Author Topic: good hope mill  (Read 5113 times)

michaela

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good hope mill
« on: March 31, 2011, 08:15 PM »
Can anyone help me with any infomation on good hope mill ashton, I'm looking for any of the history as to when it was first opened & when it changed to Nixons leather works. I do know it was built in 1824 owner Goerge Nixon, were there any work related deaths did any children die their, were there any fires what I'm trying to do is piece as much infomation trying to make some sort of sense to its supposed hauntings.

Does anyone have any infomation as to what was on that spot of land before the mill. 

Martin

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Re: good hope mill
« Reply #1 on: March 31, 2011, 09:02 PM »
Some information about Ashton's mills is here:
http://www.ashton-under-lyne.com/history/cotton.htm

Good Hope Mill was built in 1824, and is the oldest spinning mill in Ashton to survive intact.

Before the mill was built the area was open agricultural land on the edge of Ashton Moss. As Ashton started to be developed a grid of streets was laid out and the mill was built on one of the empty plots. The original 1824 building was less than half of the present size but was greatly extended around 1840.

I'm not sure where you get the information about it being owned by George Nixon. The first owners were James and Jonathan Andrew. It later passed to Aaron and Stephen Andrew. From 1883 the mill was owned by James Dyson and later by Tattersalls, Bridge Street Mill Company and then a Mr Ruttenau, who bought the mill in 1895 and converted it into  a leather factory.

There were no major fires although the original 1824 part of the building was of a non-fireproof design, with timber supports and wooden floors. I have no information about Nixons or about hauntings.
Martin

michaela

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Re: good hope mill
« Reply #2 on: March 31, 2011, 11:18 PM »
Thank you for the infomation Mark thats helped me alot, as for george nixon owning the leather mill I think someone has been texting there infomation wrong on one of the ashton history websites.
Martin have you come across on any info of children working in the mill ???

Martin

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Re: good hope mill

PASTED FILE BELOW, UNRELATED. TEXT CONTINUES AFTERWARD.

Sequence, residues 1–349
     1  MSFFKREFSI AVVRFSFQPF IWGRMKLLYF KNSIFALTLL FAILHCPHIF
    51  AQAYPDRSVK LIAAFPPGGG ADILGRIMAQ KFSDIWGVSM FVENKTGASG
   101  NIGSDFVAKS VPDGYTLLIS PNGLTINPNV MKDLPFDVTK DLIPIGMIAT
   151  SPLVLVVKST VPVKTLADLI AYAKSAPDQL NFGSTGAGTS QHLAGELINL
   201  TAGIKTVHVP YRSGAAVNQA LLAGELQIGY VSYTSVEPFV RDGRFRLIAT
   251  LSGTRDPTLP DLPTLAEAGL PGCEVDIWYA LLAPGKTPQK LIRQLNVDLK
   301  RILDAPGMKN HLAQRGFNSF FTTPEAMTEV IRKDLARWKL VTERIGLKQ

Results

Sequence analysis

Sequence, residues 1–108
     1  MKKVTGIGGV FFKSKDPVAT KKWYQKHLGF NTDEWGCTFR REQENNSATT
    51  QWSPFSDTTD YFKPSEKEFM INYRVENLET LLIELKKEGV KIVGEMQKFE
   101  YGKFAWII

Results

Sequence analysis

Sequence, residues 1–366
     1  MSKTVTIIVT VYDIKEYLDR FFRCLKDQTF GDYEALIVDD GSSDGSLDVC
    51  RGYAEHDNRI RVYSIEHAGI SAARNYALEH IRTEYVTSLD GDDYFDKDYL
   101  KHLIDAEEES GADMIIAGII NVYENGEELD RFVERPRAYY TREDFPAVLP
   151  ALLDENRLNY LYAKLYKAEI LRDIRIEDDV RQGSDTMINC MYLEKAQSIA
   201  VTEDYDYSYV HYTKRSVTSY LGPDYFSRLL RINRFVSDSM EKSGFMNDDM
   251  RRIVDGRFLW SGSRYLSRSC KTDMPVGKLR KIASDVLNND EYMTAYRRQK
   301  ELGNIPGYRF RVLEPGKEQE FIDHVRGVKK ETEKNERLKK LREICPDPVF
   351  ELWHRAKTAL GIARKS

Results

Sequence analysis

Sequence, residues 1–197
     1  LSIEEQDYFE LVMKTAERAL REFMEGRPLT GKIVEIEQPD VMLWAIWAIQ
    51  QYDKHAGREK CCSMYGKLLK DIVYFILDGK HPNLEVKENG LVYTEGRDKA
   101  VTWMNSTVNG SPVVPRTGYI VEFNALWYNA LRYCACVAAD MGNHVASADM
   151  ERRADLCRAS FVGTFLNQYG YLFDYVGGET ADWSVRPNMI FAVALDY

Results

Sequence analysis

« Reply #3 on: April 01, 2011, 12:02 AM »
Mark? I don't think I know of an Ashton history website. Would you care to say which site it was? It sounds interesting.

It was common for children to work at least part time in the mills. You will find a lot of information on this website:
http://www.spartacus.schoolnet.co.uk/IRchild.htm
Martin

herby

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Re: good hope mill
« Reply #4 on: April 01, 2011, 09:11 AM »
Hi
          Ive just been reading about the Child Labour My Father worked in the mill half a day when he was going to school my Dad was born in the 1890s so it was till going on in the 20 century. Good conditions for the workers wasn't it. It makes you wonder why they formed workers unions doesn't it    herby

greeny

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Re: good hope mill
« Reply #5 on: March 01, 2015, 05:48 PM »
hi i just looking back i worked at nixons leather works in the 60s its owners were not called nixons it was a family from stockport  area they were called marsdens they also had a leather works in stockport near the bus station, but kept the name george nixons ,of the ashton branch there was a street running between the leather works in ashton  and before they built a extension on to the leather works there was a row of terraced houses , i heard it said there was a house fire ,with a family that were killed there , one of the survivors it left her with a breakdown and times when i worked there in the 60s she use to stand at the end of the street shouting , she was a character in the henry square area and often seen shouting ,sad story

greeny

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Re: good hope mill
« Reply #6 on: March 29, 2015, 01:48 PM »
hi  i saw one of my old mates that use to work there in the  60s he seems to recall the lady that use to go round shouting he thinks she was called elsie

Ashtonian54

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Re: good hope mill
« Reply #7 on: April 20, 2015, 10:07 PM »
That's interesting greeny about the shouting lady. As children we saw her often on Katherine Street but had been told to be kind and not make fun of her as she had suffered a terrible tragedy.  Fancy someone else remembering that! 'The lady who shouted".